The most popular trail starts at Asosancho Parking Lot (阿蘇山頂駐車場), which is accessible by direct bus from Aso town or with your own vehicle (unless restrictions are in place). But the easy accessibility comes with caveats. The bus schedule, with only four hours between the first and last bus, does not allow enough time to cover multiple peaks in one day and is designed with quick day visitors in mind. If you do not have your own mode of transportation and want to enjoy a long day hike exploring multiple peaks in the area, starting the hike at Sensuikyo Car Park (仙酔峡駐車場) is a better option, with an easy combination of a short train ride followed by a relatively inexpensive and short taxi ride.

Hiker along a cloudy trail on Mount Asoin Japan

Starting the hike at Sensuikyo has some other additional advantages. While the main trailhead at the Asosancho Parking Lot ensures a quicker view of the impressive caldera, the initial encounter with the Aso Mountain range can feel a bit underwhelming for independent travelers or hikers. The tour buses and individual cars parked in the parking lot and the viewing platform make it feel more like a landmark viewing trip to check off your must-see lists rather than the beginning of an adventurous hike.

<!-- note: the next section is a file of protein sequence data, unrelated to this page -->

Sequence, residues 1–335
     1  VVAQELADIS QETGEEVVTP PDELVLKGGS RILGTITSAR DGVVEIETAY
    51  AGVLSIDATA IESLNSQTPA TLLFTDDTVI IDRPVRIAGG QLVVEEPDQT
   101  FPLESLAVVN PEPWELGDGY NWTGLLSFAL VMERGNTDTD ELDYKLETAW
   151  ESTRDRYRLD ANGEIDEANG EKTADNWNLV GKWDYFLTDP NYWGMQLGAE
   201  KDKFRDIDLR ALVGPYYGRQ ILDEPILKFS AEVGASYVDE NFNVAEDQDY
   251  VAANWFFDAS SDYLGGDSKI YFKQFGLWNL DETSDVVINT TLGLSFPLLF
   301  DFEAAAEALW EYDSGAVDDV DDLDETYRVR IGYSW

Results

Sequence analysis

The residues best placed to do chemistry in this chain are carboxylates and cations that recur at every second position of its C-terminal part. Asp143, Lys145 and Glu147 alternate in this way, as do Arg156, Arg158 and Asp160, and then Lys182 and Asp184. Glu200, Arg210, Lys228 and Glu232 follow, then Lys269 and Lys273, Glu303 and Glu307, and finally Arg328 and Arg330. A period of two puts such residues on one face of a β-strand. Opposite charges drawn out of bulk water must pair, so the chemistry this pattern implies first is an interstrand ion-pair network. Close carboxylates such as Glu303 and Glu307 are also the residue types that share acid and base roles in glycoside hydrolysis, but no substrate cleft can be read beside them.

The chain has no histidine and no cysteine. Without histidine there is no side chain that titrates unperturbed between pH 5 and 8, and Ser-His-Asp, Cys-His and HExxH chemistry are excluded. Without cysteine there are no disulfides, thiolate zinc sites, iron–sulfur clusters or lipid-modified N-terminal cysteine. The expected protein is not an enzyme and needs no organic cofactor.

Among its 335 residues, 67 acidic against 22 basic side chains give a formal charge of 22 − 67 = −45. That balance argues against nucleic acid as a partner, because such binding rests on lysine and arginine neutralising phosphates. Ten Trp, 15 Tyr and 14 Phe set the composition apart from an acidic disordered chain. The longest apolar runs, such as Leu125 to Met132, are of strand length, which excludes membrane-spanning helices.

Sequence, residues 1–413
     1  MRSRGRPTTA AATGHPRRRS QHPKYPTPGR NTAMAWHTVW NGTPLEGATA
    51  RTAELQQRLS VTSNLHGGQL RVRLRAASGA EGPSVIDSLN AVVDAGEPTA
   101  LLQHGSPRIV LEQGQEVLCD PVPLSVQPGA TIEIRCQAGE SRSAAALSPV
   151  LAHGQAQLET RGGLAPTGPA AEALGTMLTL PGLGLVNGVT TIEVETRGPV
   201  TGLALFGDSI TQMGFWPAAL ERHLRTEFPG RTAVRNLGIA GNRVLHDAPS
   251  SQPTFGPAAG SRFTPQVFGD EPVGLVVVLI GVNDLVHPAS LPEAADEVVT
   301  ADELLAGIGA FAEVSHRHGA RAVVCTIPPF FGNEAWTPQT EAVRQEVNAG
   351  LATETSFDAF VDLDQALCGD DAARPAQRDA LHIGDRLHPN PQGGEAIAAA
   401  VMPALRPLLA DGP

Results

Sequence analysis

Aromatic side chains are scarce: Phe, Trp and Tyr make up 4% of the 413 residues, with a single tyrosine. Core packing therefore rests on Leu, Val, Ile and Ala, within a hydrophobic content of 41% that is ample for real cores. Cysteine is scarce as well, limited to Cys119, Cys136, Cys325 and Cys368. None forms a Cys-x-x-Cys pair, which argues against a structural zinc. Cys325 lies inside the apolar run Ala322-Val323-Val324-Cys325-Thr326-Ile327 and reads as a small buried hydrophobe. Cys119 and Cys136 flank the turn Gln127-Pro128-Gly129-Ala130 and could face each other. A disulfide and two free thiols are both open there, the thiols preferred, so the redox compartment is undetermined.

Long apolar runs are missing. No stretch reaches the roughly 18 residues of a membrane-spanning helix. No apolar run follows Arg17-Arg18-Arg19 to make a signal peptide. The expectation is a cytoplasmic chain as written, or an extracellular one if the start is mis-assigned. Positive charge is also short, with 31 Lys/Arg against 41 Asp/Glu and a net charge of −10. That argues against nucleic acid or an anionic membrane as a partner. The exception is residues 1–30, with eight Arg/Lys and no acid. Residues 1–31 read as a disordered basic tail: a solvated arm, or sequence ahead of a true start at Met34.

Alternatively, starting the hike at Sensuikyo and arriving at the main Asosancho trailhead at the end allow the hikers to immerse themselves in the wild volcanic scenery before rejoining the crowds at Kusasenri, which is the first bus stop when you approach the mountain from Aso town. It is a beautiful plateau where the relatively short hike to Eboshidake (30-40min) starts but the vast scenery, the horseback riding opportunities through the picture perfect greenery, and the volcano museum makes the place worthy of a visit on its own. The worldly amenities at Kusasenri (such as cold beer and pizza) also make a happy addition to the day’s end of hiking.

Sensuikyo Trail: Hike to Nakadake and Takedake on the Same Day

Sensuikyo trailhead is no longer served by a bus from Aso town. A combination of a short train and taxi ride (or an appx. 1.5-hours long walk from the train station) is required to reach the trailhead. A fellow hiker that I met on the previous day at Aso train station and I decided to team up for the hike and pre-arranged a taxi to pick us up from Miyaji Station (6 min train ride from Aso Station) for the 10 min drive to the trailhead (appx. 2,000 yen). There is a tourism office inside the Aso Station, and they are more than happy to assist the visitors with these arrangements.

Man looking over large volcano crater in Mount Aso in Japan
Looking over Aso’s large caldera